Apr 28th 2019

Can Capitalism Beat Climate Change? 

by Adair Turner

 

Adair Turner, Chairman of the Institute for New Economic Thinking and former Chairman of the UK Financial Services Authority, is Chair of the Energy Transitions Commission. 

 

LONDON – Easter visitors to London have found some streets and buildings occupied by “Extinction Rebellion” activists, warning of climate catastrophe and rejecting “a failed capitalist system.” Followers of central bank thinking have seen the governors of the Bank of England and Banque de France warning that climate-related risks threaten company profits and financial stability.

Both interventions highlight the severity of the climate challenge that the world faces. But warnings alone won’t fix the problem unless governments set ambitious but realistic targets to eliminate carbon dioxide and other greenhouse-gas emissions, backed by policies to ensure the targets are achieved. Zero net CO2 emissions by 2050 at the latest should be the legally defined objective in all developed economies.

The central bank governors’ statement, together with steps to require clearer company disclosure of climate-related risks, has fueled optimism in some quarters that a free-market solution is possible. With falling renewable-energy costs threatening to leave fossil-fuel companies with loss-making “stranded assets,” well-informed investors will, it is hoped, withdraw funding from companies still searching for new oil or gas reserves or from automotive companies still committed to gas-guzzling SUVs.

But there are limits to what better information and foresight alone can achieve. The same capitalist dynamism that reduces renewable-energy costs is also dramatically lowering the costs of shale-gas production, and fossil fuels may always be the cheaper option for some purposes unless governments impose emissions taxes or regulations to favor lower-carbon technologies. If those taxes or regulations are postponed too long, forward-looking but cynical investors will be able to profit from projects that bring climate catastrophe closer. The Extinction Rebellion activists are right that, left to itself, capitalism cannot solve this problem, no matter how perfect the financial-disclosure regime.

Instead, the activists argue for public commitments to achieve zero net emissions by 2025. But “zero by 2025” would mean a huge hit to living standards, threatening public support for less extreme but still effective action. Britain would have to remove gas central heating from over 20 million homes, and it would be almost impossible to build wind and solar capacity fast enough to deliver equivalent energy in the form of electricity. Zero emissions would also mean no gasoline or diesel cars. While city dwellers could manage without them, people living in rural areas and small towns could not do so as early as 2025, given the likely costs and range of electric vehicles. As the French gilets jaunes have shown, opponents of a rapid energy transition can also occupy streets. We need time to manage the path to a zero-carbon economy.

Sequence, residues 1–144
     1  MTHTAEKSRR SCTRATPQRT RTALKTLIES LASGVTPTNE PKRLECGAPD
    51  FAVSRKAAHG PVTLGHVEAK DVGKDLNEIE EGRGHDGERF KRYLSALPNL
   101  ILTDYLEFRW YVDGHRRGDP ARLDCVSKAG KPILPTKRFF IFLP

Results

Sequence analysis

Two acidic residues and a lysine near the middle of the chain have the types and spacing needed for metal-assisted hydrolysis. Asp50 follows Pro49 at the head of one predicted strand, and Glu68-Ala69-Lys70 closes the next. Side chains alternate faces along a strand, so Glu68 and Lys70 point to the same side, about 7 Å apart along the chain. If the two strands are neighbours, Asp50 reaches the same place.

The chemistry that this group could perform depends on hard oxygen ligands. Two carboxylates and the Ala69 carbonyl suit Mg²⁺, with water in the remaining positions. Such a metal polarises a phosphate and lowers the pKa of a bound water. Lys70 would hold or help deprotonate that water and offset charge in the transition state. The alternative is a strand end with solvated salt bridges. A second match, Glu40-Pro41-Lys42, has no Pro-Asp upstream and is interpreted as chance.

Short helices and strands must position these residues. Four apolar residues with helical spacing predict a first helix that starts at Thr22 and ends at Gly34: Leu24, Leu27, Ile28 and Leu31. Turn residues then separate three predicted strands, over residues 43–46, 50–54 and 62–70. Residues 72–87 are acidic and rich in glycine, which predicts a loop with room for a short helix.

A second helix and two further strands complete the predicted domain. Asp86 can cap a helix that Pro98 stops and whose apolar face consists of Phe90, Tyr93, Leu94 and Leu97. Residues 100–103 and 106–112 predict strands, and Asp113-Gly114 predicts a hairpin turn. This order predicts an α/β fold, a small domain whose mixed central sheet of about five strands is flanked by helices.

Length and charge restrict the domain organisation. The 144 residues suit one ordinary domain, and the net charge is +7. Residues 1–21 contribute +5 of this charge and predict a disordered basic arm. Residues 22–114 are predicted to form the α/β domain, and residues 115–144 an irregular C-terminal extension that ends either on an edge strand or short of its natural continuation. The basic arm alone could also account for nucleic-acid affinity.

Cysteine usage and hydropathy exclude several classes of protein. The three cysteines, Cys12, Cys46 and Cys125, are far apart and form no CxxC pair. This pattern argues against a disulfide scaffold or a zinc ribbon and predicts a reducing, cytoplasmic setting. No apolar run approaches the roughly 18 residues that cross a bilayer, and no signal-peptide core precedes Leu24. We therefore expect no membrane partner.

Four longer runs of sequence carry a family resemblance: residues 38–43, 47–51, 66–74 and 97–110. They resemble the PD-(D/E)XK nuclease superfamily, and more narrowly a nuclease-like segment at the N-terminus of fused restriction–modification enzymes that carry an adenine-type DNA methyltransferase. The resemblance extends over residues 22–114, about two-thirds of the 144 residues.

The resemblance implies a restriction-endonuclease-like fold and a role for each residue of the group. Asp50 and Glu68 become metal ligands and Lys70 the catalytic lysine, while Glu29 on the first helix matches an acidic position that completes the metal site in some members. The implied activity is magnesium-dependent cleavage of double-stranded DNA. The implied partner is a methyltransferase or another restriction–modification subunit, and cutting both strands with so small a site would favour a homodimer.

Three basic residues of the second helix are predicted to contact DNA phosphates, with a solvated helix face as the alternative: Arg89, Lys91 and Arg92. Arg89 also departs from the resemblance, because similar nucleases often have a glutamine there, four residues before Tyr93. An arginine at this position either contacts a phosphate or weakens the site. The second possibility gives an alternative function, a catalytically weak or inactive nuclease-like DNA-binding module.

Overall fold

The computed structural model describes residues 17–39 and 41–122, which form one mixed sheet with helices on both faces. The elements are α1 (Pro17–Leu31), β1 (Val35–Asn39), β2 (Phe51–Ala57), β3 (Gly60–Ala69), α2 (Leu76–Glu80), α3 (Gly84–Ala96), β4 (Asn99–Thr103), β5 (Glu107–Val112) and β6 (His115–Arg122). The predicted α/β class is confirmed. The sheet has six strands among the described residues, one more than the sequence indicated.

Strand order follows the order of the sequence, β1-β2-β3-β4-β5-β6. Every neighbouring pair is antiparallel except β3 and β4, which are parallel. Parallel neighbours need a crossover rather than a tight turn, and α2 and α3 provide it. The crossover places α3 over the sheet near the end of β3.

So how much time do we have? The best scientific evidence, set out in the Intergovernmental Panel on Climate Change’s latest report, says the objective should be to limit global warming to 1.5° above preindustrial levels. That would require global CO2 emissions reaching zero by 2050 or very soon after.

Achieving that will require big investments in new energy sources and improved energy efficiency. But it is undoubtedly technically possible, as the recent “Mission Possible” report from the Energy Transitions Commission sets out. Given 30 years, rather than five, and much sooner in developed economies, we could progress to a world with no gasoline or diesel vehicles. And we could decarbonize steel and cement production, shipping, and aviation, and deliver the massive increases in zero-carbon electricity production required to reconcile higher living standards in developing countries with a sustainable planet.

The aggregate economic costs of this transition will be low and, in some sectors, trivial. Making autos with zero-carbon steel in 2040 or 2050 will likely add less than 1% to production costs and prices. But we will need popular acceptance of some additional costs and behavioral changes. Zero-carbon aviation is likely to be appreciably more expensive – perhaps by 10-20% – and there is currently no certain route to zero-emissions agriculture without big reductions in the consumption of red meat.